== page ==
Search This Blog

Wednesday 8 April 2015


Photo by Nik Guiney on Unsplash
Leaving home and going to University after finishing my A Levels was always the plan - I never once thought otherwise. A few of my closest friends weren't heading off at the same time as me due to retakes, or longer courses, but none of them took a 'gap year' as such. I'd never really thought of it as a big deal. Yet here I am, a year and a half into my degree, wishing I had taken that all important year out from education, to spend time reflecting on who I am. Don't get me wrong; I am very grateful that I went off to uni when I did. If I hadn't, I wouldn't have met some of my absolute best friends, nor would I have met my boyfriend. I would not have some of the amazing memories that I have made over the last 18 months, and I wouldn't change that for the world. That being said, I can definitely see where a gap year would have benefitted me, and here is why...

01: The difference in teaching styles between A Levels and University
After going through a seven year school system leading up to your GCSEs, always being taught in the same style, the leap to A Levels can seem like quite a significant one. Although the content gets much more taxing, and there is far more to remember and understand, the same style carries on for another two years. Moving from one teaching style that you have been so indoctrinated with for almost ten years, onto a remarkably different teaching style, is a bigger feat than is ever made known. It's no secret that I found the difference completely overwhelming, and was the main factor of my almost drop-out after the first semester of first year. If I were to have taken a year away from education entirely, I would have been able to clear my head of everything that had been drilled into it for such a long period of time, and had time to think and reflect. To jump straight from one style to another was definitely not the best thing for me.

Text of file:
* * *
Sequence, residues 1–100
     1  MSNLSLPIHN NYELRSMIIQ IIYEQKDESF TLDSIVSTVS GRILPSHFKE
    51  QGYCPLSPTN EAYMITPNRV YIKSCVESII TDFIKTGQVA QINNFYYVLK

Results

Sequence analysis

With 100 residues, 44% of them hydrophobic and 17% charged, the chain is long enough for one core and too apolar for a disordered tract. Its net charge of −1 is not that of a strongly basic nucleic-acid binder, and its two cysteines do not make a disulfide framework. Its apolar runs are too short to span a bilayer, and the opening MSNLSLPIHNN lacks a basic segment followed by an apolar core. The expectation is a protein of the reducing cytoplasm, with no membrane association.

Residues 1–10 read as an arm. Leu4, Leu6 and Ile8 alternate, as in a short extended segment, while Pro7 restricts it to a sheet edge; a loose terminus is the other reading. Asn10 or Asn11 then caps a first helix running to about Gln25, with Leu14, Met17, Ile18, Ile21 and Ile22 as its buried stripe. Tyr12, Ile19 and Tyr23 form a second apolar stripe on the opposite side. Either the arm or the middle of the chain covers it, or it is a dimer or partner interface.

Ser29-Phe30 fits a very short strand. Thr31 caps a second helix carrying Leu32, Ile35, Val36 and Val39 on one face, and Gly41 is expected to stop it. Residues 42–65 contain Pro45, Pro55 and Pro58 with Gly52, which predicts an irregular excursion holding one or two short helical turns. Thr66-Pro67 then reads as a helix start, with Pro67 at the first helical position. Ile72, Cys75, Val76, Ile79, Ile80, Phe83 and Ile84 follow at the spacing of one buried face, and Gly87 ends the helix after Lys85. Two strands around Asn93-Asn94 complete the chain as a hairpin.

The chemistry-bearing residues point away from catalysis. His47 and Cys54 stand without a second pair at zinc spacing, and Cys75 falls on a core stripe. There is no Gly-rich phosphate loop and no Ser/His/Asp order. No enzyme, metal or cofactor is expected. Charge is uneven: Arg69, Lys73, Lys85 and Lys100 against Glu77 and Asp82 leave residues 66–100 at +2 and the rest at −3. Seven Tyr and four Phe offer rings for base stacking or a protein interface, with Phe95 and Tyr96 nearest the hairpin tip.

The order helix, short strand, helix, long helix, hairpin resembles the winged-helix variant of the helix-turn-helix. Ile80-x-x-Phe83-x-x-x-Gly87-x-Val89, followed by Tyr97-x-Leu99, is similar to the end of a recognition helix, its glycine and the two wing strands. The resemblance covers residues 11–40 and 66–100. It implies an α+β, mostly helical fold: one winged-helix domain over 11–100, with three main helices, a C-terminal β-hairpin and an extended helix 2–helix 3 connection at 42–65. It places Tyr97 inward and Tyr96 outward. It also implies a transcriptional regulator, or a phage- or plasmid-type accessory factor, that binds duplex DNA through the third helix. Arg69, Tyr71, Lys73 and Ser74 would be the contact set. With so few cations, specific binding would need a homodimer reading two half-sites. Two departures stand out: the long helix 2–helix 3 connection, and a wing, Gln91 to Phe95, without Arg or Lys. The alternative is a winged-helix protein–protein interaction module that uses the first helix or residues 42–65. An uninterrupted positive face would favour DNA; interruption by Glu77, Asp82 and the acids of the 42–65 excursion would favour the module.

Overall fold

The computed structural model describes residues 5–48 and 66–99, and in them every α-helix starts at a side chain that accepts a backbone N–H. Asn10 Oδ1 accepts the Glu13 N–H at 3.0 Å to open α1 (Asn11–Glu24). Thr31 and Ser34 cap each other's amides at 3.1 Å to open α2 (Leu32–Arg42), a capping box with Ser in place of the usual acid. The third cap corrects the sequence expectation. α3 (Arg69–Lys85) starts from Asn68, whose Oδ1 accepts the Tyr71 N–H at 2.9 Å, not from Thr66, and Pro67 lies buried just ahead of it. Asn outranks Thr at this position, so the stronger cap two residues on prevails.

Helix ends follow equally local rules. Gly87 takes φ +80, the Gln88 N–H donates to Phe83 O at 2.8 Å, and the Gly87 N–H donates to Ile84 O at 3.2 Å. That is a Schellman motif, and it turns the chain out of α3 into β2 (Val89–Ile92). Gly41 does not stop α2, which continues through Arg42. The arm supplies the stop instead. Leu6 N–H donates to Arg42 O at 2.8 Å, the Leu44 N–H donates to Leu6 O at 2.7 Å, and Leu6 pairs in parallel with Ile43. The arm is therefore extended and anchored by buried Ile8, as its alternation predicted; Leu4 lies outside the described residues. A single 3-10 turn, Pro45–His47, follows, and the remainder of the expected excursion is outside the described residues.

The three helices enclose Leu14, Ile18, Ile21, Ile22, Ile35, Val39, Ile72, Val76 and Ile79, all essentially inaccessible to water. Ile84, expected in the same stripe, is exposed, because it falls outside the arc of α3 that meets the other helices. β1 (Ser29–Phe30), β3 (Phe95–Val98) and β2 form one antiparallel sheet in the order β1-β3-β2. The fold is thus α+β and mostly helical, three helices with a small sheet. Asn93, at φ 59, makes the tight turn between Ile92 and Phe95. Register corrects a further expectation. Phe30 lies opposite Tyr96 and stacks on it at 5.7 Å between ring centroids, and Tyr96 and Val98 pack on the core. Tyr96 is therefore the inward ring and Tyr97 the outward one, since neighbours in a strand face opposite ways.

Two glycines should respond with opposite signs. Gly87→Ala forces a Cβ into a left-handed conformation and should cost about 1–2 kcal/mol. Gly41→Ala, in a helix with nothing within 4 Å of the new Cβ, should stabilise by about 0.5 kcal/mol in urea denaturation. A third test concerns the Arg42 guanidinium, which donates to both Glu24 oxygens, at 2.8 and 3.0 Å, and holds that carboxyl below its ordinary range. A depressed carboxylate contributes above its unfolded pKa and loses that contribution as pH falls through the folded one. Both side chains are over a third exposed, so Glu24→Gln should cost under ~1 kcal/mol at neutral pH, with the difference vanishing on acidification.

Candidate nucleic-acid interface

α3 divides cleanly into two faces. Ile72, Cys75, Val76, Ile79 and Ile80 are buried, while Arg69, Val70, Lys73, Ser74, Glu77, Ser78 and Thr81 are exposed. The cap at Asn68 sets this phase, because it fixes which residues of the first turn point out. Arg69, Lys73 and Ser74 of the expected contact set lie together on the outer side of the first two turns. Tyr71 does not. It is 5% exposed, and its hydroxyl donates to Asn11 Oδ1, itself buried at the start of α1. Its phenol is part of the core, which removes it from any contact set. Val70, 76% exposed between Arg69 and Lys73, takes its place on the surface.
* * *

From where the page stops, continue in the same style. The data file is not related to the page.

02: To go travelling for a year after your degree isn't quite the same
A lot of people have said to me not to feel regretful for not taking a gap year, as there is plenty of opportunity to go travelling and find myself after I've graduated - which I highly doubt. I'm sure that a lot of people do it, and I'm sure that they are successful in finding a decent job on their return, but it seems like a much harder way of doing things. When you jet off across the world for a year, you know that there is something waiting back home for you at the end of it. Unless you have a job locked down for the year after, if you go travelling after your degree, you are coming home to literally nothing... and that is terrifying.

03: Preparing for the social aspect of university
Although I would never class myself as an anti-social person, as I love nothing more than spending quality time with my family and my friends, I'm not the same as every other university student. I'm an introvert: I like to spend a lot of time on my own, I fear for meeting new people, and I'd much rather spend a quiet night at home than go drinking on a night out. That's not to say that I'm not a confident person - when put in positions out of my comfit zone I manage well, but they are definitely out of my comfort zone. If I had been travelling as part of a gap year, I would have picked up different ways of communicating with complete strangers, and would have felt a lot more comfortable in a drinking situation.

Did any of you go on a gap year? Where would you go if given the chance? Leave me a comment!

No comments:

Post a Comment